.Net Core Console Applications with Dependency Injection

I recently ran into a need to author a console app that relied upon a .NET Core library, and that library exposed its functionality using an extension to IServiceCollection. This sent me down a rabbit hole on how to build a .NET Core console application supporting the following features:

  1. Support of dependency injection via Microsoft.Extensions.DependencyInjection
  2. Robust command line argument parsing using CommandLine
  3. Logging independently of Console I/O using Serilog

The project referred to in this article is on GitHub and demonstrates a console application that either calculates a mathematical expression or generates some statistical values for a set of numbers. For what this application actually does, dependency injection (and even .NET Core) are overkill, but it serves as a functional example.

Application Structure

Using the structure described below, I am:

  1. Configuring services for the application
  2. Parsing command line arguments and generate task factory to execute the desired command
  3. Executing the task and exit indicating success or failure

Most examples I saw online discussed using IHostLifetime to execute a long-running service, daemon, etc. In my use case, I wanted to simply execute a Task and exit. If you have a long-running application, you can adapt this example to leverage services implementing IHostLifetime.

Structure for a Dependency Injected Console Application

If you are familiar with using IHostBuilder and IServiceCollection .NET Core, most of the above will look familiar to you.

The Log.Logger call is for Serilog, the IConsoleOutput service is a simple abstraction layer over System.Console. In the tasks, I inject both IConsoleOutput and ILogger separately so that I can control what goes to the console and what goes out for logging.

Setting up separate logging for a console application may seem like overkill, but if you are writing a console application designed to be called from a shell/batch script, you may not want to “litter” your output with diagnostic information.

The Parser.Default.Arguments is where the command line arguments are parsed and we create the associated task (implementing ITaskFactory) for the desired operation, which is described below.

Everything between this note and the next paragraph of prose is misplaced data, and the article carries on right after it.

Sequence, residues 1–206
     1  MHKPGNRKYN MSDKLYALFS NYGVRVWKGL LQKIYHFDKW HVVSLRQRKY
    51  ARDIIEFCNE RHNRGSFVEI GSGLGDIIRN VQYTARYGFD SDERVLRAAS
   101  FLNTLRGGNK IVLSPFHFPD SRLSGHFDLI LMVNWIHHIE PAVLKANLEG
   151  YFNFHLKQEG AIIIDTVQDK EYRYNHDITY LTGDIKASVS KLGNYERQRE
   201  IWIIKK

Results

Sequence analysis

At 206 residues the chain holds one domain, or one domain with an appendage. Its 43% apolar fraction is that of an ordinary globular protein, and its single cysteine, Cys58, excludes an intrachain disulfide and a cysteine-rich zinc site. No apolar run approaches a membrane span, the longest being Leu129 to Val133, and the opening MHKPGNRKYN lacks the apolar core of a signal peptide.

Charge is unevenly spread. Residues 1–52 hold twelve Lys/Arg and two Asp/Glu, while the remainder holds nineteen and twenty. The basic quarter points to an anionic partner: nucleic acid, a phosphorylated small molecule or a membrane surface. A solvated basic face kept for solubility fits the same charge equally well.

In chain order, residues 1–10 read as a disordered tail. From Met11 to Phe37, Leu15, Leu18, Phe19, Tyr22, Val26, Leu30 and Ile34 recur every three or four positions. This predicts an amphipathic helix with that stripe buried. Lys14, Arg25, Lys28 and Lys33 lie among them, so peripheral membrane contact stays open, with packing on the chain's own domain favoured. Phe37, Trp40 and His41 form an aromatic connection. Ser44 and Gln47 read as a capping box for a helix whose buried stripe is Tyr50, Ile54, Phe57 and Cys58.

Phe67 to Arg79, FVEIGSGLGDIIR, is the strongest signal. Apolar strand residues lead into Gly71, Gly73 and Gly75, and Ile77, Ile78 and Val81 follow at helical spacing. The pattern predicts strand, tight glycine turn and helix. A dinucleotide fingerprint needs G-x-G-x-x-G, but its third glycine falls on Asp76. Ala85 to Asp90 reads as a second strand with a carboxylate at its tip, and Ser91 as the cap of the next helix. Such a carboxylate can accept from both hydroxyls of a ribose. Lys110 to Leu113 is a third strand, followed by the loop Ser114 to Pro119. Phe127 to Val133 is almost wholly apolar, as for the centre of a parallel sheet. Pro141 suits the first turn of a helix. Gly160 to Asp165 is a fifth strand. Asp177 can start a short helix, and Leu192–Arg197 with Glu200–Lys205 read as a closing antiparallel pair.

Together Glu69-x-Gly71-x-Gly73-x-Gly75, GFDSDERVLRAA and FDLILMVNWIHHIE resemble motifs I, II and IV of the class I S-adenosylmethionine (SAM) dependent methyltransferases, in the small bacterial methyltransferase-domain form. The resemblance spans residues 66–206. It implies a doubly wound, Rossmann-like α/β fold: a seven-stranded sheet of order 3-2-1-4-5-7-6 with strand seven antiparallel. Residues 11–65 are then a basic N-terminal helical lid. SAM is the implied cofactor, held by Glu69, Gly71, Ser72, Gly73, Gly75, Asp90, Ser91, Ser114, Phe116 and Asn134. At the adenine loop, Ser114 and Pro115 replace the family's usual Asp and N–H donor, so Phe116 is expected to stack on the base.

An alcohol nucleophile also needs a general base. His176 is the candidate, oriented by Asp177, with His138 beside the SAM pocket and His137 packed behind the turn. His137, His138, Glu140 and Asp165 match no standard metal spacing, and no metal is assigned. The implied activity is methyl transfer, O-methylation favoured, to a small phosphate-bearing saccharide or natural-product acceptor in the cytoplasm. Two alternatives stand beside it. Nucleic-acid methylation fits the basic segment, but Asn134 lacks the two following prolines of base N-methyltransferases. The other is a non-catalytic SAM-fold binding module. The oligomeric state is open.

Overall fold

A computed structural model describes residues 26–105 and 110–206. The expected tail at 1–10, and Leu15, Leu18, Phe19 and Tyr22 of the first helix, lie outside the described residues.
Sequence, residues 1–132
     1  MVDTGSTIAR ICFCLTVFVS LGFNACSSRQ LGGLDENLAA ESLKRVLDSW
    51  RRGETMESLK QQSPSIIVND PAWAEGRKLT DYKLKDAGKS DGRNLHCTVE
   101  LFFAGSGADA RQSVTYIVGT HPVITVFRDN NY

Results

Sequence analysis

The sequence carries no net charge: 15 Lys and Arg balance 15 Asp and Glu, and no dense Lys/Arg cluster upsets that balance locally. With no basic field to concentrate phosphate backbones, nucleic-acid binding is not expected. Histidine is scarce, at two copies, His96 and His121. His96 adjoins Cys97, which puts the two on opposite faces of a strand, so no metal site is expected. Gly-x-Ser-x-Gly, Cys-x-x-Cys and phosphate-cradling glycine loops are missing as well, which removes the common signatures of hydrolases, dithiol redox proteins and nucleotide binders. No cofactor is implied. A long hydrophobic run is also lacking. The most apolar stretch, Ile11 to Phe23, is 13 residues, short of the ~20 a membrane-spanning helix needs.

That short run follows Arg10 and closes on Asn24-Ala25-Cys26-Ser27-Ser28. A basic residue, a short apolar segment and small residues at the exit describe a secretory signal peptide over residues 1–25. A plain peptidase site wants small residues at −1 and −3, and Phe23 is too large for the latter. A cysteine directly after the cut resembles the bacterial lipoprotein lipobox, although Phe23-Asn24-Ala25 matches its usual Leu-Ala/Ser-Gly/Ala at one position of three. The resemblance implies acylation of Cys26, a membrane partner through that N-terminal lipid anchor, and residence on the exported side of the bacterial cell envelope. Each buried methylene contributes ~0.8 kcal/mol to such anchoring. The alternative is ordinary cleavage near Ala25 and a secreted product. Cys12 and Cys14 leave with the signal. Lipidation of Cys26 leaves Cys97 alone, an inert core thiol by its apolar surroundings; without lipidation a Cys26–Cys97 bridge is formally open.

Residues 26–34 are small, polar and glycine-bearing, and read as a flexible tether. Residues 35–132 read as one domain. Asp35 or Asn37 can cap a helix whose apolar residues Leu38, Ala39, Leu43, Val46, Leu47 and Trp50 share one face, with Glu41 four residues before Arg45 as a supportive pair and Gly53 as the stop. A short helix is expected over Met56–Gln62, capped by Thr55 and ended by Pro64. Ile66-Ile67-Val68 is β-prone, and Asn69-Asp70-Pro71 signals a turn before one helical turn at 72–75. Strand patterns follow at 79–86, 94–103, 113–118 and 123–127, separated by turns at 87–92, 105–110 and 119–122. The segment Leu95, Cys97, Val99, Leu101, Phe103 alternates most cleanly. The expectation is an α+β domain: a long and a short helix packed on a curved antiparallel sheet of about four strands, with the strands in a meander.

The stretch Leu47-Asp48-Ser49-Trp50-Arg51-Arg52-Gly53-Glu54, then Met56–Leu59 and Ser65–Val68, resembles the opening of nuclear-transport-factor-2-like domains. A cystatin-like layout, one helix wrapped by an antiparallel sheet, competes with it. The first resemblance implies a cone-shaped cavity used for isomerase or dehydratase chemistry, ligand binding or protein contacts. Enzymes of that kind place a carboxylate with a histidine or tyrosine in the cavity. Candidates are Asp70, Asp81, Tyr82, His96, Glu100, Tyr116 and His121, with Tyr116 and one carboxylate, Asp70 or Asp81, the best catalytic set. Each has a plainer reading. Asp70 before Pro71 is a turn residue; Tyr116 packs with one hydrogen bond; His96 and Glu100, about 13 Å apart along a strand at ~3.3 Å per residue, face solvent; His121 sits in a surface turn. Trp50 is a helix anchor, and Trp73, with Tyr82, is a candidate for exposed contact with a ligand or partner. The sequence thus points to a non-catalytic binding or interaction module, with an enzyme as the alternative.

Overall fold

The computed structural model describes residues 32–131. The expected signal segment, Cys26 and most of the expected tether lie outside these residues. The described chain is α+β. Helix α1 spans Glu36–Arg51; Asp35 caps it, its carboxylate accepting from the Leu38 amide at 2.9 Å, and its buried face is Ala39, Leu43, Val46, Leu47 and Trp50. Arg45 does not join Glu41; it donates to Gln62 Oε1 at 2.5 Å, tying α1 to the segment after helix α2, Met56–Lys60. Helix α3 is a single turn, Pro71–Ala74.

After launching the build of IHost, we then get the ITaskFactory service created, launch a task, and exit with the results.

Command Line Parsing

The most robust solution I have found for command line argument parsing is the excellent Command Line Parser library. This is a deep and broad mechanism for parsing arguments and displaying help. This example demonstrates the use of two different “verbs” (for evaluating an expression or generating statistics) each with different options and command line arguments. You can specify named and positional arguments. For more information on usage, consult the Command Line Parser library’s Wiki.

Arguments for the “calc” verb

You can create a class like this for each command you want your application to process, and then pass the class names in as generic parameters to `Parser.Default.ParseArguments`. Instances of these classes will be generated when command line arguments are parsed and can be passed or injected into your tasks factories.

Using CommnadLineParser to Configure Tasks

Setting up Task Factories

When using dependency injection, in general we need to define how things are going to before we use them. In this demonstration, we want to look at the command line arguments, figure out the task that we want to execute when configuring services, and subsequently execute that task after all of our services are configured.

To accomplish this, I created an interface to implement that will generate a Task, and that task will return an integer value to use as the application exit code. A key here is that we’re not performing the task here, we are returning that will launch the task after everything is configured.

A Simple Factory to Launch a Task
  1. Create a task factory implementing ITaskFactory in ConfigureServices
  2. Launch a task using the task factory after we’ve configured everything
Configuring a Task Factory and Launch a Task

The ITaskFactory approach lets us avoid executing the program when configuring services. It also makes it so what we don’t have to know what the task is outside of ConfigureServices. Since this is a command line utility that executes once and then exits, everything is singleton (stateless)


Once everything is set up, doing stuff a task is pretty mundane. The constructor gets all our dependencies (including the parsed command line argument options). The Launch method creates a Task that does what needs to be done and returns 0 on happy path and -1 if something bad happened.

Example Task to Evaluate a Mathematical Expression


And that’s about it. As far as the application itself, if you are actually wanting to try this demonstration, you can go to the sample.console directory and:

  • dotnet run -- 100 + 200 / 2 (Returns 200)
  • dotnet run -- "(100 + 200) / 2" (Returns 150, you’ll need the quotes for parenthesis and asterisks)
  • dotnet run -- calc 500 + 2 (Returns 502, the “calc” is unnecessary but shown for completeness)
  • dotnet run -- -f json 100/2 (Returns {Value”:50})
  • dotnet run -- stats 100 200 300 400 500 (Returns Count=5, Mean=300, Variance=25000, StandardDeviation=158.11388300841898, Skewness=0, Kurtosis=-1.2000000000000002, Maximum=500, Minimum=100)

and so on..

I certainly wouldn’t use this as-is for anything “real” but hopefully this was useful as a demonstration.

Again, here’s the link to the project on GitHub.



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